I have been playing with lighting for the first person character and wanted to start with a hand held torch. The flames need to be much more dynamic when the torch is moved but it is a good start. Also the hand and arm IK is still a bit dodgy (may also have been too close to my hydra base station when recording this).
Managed to figure out a better way of capturing video using the nvidia shadowplay feature on my nvidia 780ti so videos should be much better from now on.
Really really looking forward to the DK2 shipping soon. It’s gonna be awesome. Also congrats to control VR for reaching their kickstarter goal. Can’t wait to get my hands on (in) that hardware.
UPDATE : This video made it into the UnrealEngine Twitch live stream spotlight. WOW thanks guys!
I’ve been looking at how to make realistic looking environment materials and it seems that tessellation is a very powerful way of representing detail in geometry. Especially when you factor in the stereo effect of the Oculus Rift which makes the effect really realistic. So to figure out how to do this I focused on one of my wall materials as a test. I found 3 of very useful tutorials online, that when combined gave me the results I wanted. The first tutorial I found was by a guy called RealDaveTheFreak. you can find his Youtube channel here and its worth checking as he has some great tutorials.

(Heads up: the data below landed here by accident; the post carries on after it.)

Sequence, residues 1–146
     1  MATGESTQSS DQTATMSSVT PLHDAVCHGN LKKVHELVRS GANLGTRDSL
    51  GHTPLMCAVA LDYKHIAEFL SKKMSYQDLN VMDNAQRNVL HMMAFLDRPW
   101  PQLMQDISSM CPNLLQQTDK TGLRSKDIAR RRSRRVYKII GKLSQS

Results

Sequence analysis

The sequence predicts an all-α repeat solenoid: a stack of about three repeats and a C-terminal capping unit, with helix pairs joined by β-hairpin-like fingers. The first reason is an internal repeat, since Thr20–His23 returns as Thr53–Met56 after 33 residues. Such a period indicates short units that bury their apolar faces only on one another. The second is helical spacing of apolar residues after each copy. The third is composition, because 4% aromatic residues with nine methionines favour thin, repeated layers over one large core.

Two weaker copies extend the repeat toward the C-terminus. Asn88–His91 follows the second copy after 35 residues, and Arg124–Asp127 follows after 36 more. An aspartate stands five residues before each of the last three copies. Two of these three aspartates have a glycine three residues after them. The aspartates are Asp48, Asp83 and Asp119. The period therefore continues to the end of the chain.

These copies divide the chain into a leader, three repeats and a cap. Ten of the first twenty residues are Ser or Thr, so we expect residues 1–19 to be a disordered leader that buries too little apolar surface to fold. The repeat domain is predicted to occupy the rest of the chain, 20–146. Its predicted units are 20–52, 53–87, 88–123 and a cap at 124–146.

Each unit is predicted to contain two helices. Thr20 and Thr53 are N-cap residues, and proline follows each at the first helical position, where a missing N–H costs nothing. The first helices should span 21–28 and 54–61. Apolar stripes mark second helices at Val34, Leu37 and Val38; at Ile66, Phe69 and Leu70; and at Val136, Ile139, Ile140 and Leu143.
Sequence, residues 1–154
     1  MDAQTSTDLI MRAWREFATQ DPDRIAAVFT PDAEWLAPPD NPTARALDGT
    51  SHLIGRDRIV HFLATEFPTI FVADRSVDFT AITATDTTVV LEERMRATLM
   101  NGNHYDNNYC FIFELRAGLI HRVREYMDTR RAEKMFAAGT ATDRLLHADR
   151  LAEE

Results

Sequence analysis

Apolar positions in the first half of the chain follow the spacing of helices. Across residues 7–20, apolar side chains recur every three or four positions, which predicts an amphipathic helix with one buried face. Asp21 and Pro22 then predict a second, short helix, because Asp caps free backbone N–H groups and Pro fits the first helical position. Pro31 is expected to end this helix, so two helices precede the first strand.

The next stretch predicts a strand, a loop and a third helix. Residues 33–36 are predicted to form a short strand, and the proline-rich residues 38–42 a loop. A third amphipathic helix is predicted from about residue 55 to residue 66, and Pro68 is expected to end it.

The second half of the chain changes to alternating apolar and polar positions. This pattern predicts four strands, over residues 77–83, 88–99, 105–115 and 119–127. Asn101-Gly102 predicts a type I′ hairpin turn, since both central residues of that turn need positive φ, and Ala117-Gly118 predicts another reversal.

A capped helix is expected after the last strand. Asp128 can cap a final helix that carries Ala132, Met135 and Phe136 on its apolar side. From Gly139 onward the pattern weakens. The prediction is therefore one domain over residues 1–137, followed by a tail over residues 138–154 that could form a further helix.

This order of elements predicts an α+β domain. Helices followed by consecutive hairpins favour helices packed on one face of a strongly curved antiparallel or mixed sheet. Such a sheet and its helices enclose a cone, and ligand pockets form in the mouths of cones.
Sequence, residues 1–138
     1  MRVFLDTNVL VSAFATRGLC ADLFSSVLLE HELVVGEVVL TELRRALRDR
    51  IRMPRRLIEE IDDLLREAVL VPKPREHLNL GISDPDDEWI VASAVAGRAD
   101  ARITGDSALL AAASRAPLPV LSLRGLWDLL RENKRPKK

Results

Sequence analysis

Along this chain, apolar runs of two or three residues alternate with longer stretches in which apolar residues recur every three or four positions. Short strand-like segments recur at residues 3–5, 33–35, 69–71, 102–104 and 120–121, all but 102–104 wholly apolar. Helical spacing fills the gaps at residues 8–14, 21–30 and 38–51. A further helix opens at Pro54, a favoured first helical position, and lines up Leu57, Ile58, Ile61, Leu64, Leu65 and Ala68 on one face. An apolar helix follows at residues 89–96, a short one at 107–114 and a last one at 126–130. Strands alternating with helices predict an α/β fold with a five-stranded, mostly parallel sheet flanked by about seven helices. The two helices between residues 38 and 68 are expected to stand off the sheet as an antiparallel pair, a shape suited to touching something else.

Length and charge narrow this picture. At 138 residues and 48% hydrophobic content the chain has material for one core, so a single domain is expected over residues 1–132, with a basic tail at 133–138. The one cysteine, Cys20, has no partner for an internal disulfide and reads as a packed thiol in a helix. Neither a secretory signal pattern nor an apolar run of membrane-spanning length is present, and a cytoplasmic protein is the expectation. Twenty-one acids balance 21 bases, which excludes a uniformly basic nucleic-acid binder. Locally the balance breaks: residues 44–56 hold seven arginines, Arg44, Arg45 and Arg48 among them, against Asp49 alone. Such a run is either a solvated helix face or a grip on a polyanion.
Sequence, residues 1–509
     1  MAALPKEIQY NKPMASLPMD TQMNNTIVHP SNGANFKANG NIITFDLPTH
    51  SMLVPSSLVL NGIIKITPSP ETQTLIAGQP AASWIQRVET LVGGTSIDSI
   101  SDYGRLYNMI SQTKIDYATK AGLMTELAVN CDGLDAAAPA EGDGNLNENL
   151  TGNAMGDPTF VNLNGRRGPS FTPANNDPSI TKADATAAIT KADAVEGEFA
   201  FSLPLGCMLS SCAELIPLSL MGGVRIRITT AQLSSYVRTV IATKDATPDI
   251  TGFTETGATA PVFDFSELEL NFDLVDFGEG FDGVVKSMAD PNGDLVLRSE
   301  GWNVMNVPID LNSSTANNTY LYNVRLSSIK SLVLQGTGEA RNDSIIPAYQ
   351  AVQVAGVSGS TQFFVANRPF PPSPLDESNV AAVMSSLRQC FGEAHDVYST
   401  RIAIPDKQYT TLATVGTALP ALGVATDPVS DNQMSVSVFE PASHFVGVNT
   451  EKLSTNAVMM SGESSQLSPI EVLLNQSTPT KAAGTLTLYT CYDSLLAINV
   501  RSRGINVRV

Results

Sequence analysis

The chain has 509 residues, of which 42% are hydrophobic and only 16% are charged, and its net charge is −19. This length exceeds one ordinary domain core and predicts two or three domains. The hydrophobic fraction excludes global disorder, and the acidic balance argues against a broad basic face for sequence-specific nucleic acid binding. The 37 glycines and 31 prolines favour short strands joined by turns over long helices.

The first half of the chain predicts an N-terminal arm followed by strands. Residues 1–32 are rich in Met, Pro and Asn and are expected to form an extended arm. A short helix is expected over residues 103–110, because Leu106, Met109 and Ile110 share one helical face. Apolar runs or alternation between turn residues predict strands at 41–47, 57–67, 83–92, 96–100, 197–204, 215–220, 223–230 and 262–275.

He has 2 tutorials on tessellation. One for basic tessellation and one for distance based tessellation. However his solution for distance based tessellation while great for small static meshes doesn’t work quit as well for larger objects. his tutorial uses the distance from the object with the material on it, to the camera. As I said this works fine for smaller static meshes but not for larger meshes as it will tessellate the entire mesh when it may not be necessary as parts of the object could be far away.
The second tutorial is by Epic’s Alan Wilard (Hope I spelt that right) and is about location based opacity. You can find it here and the second part is here. This uses a cool feature called a sphere mask to make parts of meshes transparent.
The third tutorial is on vertex painting and it by MetalGameStudios. You can find some great tutorials by them in their Youtube channel here.
So using the Sphere mask with a center based on the camera location and using a falloff and radius to adjust I got the following effect.
The frame rate is quite low on the video capture but in editor and in game it runs silky smooth. If anyone knows how to capture better video please let me know. I’m currently using Microsoft Expression screen capture.
I have tessellation on the ceiling, floor and walls.
A problem I encountered was separation in some of the meshes in certain places where the floor meets the walls.
So using the info I got from the vertex painting tutorial I used vertex colors to mask out the height map for the problem areas.
here is the tessellation part of the material for you guys to try out.
The texture sample is the height map.
Hope this helps anyone and thanks to the guys who made the tutorials that got me this far.
Over the last few days I have been trying to get the Avatar features I had working in Unity, working in Unreal Engine 4. Here is a video of my first test with Avatar hands and arms being controlled with the Razer Hydra.
Sorry about the dark video and the low frame rate. First time using Microsoft Expression screen capture.